A Contrast in Style

CHARLOTTE, N.C. – When North Carolina and Washington State take the court at Bobcats Arena on Thursday night, it will be fairly simple to know which program is in full control of the game without ever looking at the scoreboard, because the shot clock will tell you everything you need to know.

Washington State head coach Tony Bennett is upfront about not being able to recruit against the national powerhouse programs like North Carolina, Duke and UCLA. But instead of worrying about something that he couldn't control, he followed in his father Dick's footsteps in devising a system that can grind out victories on the court with those same schools, while grinding down their opponents' patience.

"We have a system, we feel, that gives us a chance when we play together collectively to be competitive and hopefully successful against the best," Bennett said. "And it's for us, being real sound. There are so many different ways, obviously, to play the game and be successful but for us it's trying to be as sound as we can in the half court defensively, be sound that way."

The Cougars' strategy is simple. Use the shot clock to discover good looks at the basket, take care of the ball and play tough man-to-man defense. And it's worked. Washington State boasts a 26-8 record while scoring 67 points per game on 48 percent shooting. Only 67 points, you ask? What's even more surprising than that statistic is that Bennett's bunch is holding opponents to just 56.1 points per contest – good for second nationally.

"The system we run, everybody has this perception, I'm used to it, it's boring, it's slow, it's not fun," Bennett said. "I think we play good basketball, we get our kids shots, they learn how to guard and play with the ball."

The statistic comparison between the Cougars and the Tar Heels is quite humorous, in an oddly inverted way. North Carolina counteracts Washington State's scoring defense with the nation's second-ranked scoring offense (89.9), while Roy Williams' scoring defense sits at No. 210 in the country (72.9) versus Bennett's lofty scoring offense ranking of 213th.

Washington State is content with walking the ball up the court after defensive rebounds, while North Carolina wants to score transition points off made baskets. But both styles have been proven to work this season.

While the offensive statistics are on complete opposite ends of the spectrum, it should be noted that Washington State ranks 14th nationally in kenpom.com's adjusted offensive efficiency rankings (118 points per 100 possessions). The Tar Heels hold down the No. 2 spot with 126.6 points per 100 possessions.

The Cougars cough up the ball only 10.2 times per contest (4th nationally), enabling them to post an impressive 1.4 assist-to-turnover ratio (8th nationally).

"They don't hurt themselves," Williams said. "They don't take bad shots, they don't turn it over a lot. They wait until they get the absolute shot they want on the offensive end."

And in an odd twist, fans and media members tend to equate a slower pace with a stingier defense, but in comparing these two programs, those beliefs are incorrect.

Washington State took advantage of the nation's 192nd –best out-of-conference schedule (according to kenpom.com) to post some staggering field goal percentage defense numbers, but when looking purely at conference play, North Carolina's 42.4 percentage in the ACC is significantly better than the Cougars' 45.5 percentage in the Pac-10.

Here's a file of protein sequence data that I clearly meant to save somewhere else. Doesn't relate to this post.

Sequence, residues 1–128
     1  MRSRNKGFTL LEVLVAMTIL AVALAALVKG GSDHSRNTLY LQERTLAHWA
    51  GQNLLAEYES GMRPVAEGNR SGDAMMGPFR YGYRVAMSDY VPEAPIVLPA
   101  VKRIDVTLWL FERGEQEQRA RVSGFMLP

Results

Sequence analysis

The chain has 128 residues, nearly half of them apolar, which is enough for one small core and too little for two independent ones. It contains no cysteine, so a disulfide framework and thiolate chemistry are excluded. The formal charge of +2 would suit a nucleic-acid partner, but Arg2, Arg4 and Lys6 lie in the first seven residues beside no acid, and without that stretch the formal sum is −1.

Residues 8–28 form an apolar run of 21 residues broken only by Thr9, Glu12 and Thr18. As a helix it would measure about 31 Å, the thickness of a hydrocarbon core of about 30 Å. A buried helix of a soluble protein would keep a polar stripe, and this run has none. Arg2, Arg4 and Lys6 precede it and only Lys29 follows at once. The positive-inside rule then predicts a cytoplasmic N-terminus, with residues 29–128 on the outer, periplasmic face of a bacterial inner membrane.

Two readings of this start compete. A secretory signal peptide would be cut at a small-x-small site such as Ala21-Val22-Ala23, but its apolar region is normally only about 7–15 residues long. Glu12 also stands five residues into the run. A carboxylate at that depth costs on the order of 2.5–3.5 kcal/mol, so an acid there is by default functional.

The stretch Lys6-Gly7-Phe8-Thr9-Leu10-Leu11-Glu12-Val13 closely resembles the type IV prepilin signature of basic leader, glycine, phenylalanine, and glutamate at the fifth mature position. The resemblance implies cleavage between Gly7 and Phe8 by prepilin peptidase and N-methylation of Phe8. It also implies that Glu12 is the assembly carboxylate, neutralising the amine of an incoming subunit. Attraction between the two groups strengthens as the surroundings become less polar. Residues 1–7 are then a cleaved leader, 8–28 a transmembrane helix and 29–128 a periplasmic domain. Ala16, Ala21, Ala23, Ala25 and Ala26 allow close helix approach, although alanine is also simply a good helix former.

"We've played against a lot of half-court teams, and I think we're used to having teams slow us down and turn it into a half-court game," Wayne Ellington said. "I think we have to do our job on defense and attack the backboards, and you know, get the ball out quick and we'll be able to play our style of game all game long."

And with that last sentence by UNC's smooth shooting sophomore guard, we have arrived at what may be the most crucial statistic to pay attention to on Thursday night. Bennett realizes that his team cannot run with the boys in Carolina blue – to do so would be the equivalent of roundball suicide.

So while the Cougars attack the defensive glass with vigor and an onslaught of bodies, they don't reciprocate on the other end of the court. Washington State is outside the top-150 in rebounding margin for a reason – they would rather stop an opponent's transition game than hit the offensive boards.

"I think you have to get back if you're going to have a chance," Bennett said bluntly.

Washington State has faced two of the nation's top rebounding teams five times this season in UCLA (8.7 rebounding margin) and Stanford (8.4) – and lost all five games. But the Cougars haven't seen anything like they will encounter on Thursday night, as the Tar Heels are the top rebounding team in the country with an 11.6 margin.

It's also beneficial for North Carolina that the players were forced to adjust their tempo when Ty Lawson went down with an ankle injury over six weeks ago. Not only did that loss toughen the Tar Heels mentally, but they learned to win in scrappy, grind-it-out ball games, such as the 75-74 victory at Virginia and the 68-66 win over Virginia Tech in the ACC Tournament.

"I like winning in the 80s and 90s, but to be the team and reach the dreams we have and be the team we want to be, you've got to be able to win at someone else's tempo," Williams said. "You can't be in your comfort zone all the time."

With an Elite Eight berth on the line for Saturday, whichever team can impose its style of play on their opponent will have the upper hand. After that, it just comes down to efficient execution – an area where both programs have thrived this season.

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